Oil and gas

As readers may suspect, I have been intensively looking at the oil and gas producer market directly as a response to the rapid decrease in world oil commodity prices over the past three months.

I don’t know whether oil is going up or down from here, but from the US$75 perch it is at today, I would suspect it is more likely than not we will see a US$100 (+33%) WTIC barrel price rather than US$50 (-33%).

I decided to restrict my choices to strictly oil and gas producers that are within the confines of Canada. I have a fairly solid grasp of the regulatory and legal side of what Canadian producers face and also a good feel for the political climate that may drive economic changes within the various firms (e.g. provincial governments deciding to tinker with royalty rates).

Go take a look at Transglobe (TGL.TO) if you believe you have any idea what the political-economic stability of Egypt is. If you think they will be all right, then you’ll stand to make a small fortune.

In the Canadian world, crude oil trades at a discount to the prevailing WTIC price for a variety of reasons. Heavy oil producers have an even higher penalty on pricing. The differential is unlikely to change soon and this has generally been the focus of the Canadian government to address the differential (via pipelines, and opening up an export route to east Asia via BC which is not likely to happen anytime soon). The discount that Canadian crude has over the prevailing North American price is a significant economic issue for those that derive their living from Canadian energy, but it is such a political issue that I will stop talking about it here. What is financially relevant, however, is the market is very well aware of this and is not pricing in any anticipation of the Canadian pricing disadvantage stopping anytime soon.

I will give an example. If a surprise deal is reached with the relevant First Nations bands in British Columbia and the Northern Gateway project is commenced, you would see a huge spike in Canadian oil and gas producers for sure.

After doing a ridiculous amount of exhaustive analysis, I realize that from my third party perspective it is going to be very difficult to pick alpha from companies that have very cookie-cutter characteristics and that indexing is the better way to go. Unfortunately most Canadian indicies and ETFs (e.g. XEG.TO) involve a huge concentration of Suncor, CNQ, Cenovus, Crescent Point, EnCana, Husky, etc., and while I think these are fine companies that will likely survive to the point when I start collecting Old Age Security, they do not offer the most potential for appreciation. So instead of going for an index ETF, I decided to just create my own mini-ETF with a few positions. I have taken a position in three companies with average sized positions. I had intended to do four but one of the names has since climbed higher than what I was willing to pay for it.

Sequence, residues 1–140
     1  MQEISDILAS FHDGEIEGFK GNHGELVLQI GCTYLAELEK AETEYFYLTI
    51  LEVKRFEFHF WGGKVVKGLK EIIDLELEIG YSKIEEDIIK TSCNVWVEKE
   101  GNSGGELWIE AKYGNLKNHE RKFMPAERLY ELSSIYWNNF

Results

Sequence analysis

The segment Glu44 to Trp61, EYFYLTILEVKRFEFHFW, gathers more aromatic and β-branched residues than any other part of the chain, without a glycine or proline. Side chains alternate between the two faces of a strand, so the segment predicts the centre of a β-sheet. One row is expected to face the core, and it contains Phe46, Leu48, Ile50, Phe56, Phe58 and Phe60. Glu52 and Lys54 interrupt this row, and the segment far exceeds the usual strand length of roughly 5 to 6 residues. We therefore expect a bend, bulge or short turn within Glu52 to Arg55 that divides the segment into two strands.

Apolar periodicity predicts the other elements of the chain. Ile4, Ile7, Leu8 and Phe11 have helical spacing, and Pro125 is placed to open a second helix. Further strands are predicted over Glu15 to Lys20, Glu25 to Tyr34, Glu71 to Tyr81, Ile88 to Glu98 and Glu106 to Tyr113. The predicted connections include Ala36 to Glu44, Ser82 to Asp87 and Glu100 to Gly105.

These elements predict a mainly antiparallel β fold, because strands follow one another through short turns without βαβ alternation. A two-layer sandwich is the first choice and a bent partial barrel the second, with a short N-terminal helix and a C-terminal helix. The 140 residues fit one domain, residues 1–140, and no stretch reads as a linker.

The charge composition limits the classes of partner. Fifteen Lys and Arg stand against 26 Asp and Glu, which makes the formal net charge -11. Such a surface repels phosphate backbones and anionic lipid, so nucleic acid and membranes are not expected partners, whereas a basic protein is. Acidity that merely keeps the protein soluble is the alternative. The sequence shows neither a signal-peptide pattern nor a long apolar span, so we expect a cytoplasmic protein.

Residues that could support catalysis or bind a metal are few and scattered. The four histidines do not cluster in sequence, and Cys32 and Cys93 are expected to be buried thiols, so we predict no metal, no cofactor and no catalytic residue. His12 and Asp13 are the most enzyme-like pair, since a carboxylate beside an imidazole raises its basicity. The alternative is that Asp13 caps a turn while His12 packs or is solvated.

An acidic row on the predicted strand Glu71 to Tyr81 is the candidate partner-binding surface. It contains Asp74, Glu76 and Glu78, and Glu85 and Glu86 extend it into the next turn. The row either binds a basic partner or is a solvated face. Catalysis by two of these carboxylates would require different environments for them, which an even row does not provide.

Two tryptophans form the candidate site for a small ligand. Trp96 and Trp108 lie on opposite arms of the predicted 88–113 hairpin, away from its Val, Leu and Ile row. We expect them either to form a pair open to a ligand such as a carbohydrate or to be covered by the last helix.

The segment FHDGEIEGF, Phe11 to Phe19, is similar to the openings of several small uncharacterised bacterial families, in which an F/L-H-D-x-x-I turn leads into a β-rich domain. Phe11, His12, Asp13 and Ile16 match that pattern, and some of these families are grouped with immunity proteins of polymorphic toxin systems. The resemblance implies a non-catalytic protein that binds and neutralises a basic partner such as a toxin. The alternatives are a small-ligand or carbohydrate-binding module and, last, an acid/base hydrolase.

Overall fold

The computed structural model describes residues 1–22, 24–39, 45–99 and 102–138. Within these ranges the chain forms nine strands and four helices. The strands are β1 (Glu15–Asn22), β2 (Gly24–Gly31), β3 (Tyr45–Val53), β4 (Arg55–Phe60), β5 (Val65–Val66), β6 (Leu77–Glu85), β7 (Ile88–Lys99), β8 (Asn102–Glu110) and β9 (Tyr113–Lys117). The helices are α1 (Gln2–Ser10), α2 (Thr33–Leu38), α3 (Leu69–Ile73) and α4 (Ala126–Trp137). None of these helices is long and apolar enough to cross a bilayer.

I’ve decided on creating a mini-index for myself consisting of PWT.TO, PGF.TO and DTX.TO. The first two should be well known to most people. They have been around since the former income trust glory days and are income-oriented investments. Despite the fact that they have massively huge yields (which had nothing to do with the investment decision at all), I generally believe PWT’s new management is on the right track (reduce debt, focus on costs, be up-front with shareholders when your previous CFO was over-aggressively capitalizing expenses, etc.). PWT is unhedged.

PGF has an heavy oil project that is being heavily discounted by the market simply because they are throwing so much more cash out presently than they are taking in, but they will receive a huge benefit from such expenditures from 2015 onwards in a Cenovus-like manner and then they will be able to get their debt metrics in order. They have hedged roughly 2/3rds of their 2015 production at ~US$84 and from there they will appropriately try to game the commodity market.

DTX, whether through luck or purposeful selection, appears to be a very heavily profitable producer. They don’t give out a dividend because they want to grow (which is exactly what they should be doing given their reinvestment returns). They’ve hedged about 1/6th of their production in 2015 at around US$88-ish (good market timing!).

There’s more to the above stories but I will leave it at that.

The price depreciation over the past half year in all of these issues has led to a margin of error factor that appears to present a good risk-reward ratio.

The last name that I wanted to include on the list was something heavy in gas rather than oil, and that was Birchcliff (BIR.TO). Unfortunately in their case, after I did my due diligence on them a couple weeks later than I should have and I was looking at a stock price that I thought I could time the market better than what actually happened (take a look at their last month of trading and you will see why). If they sink again to the single digits, I will likely be taking a position in them.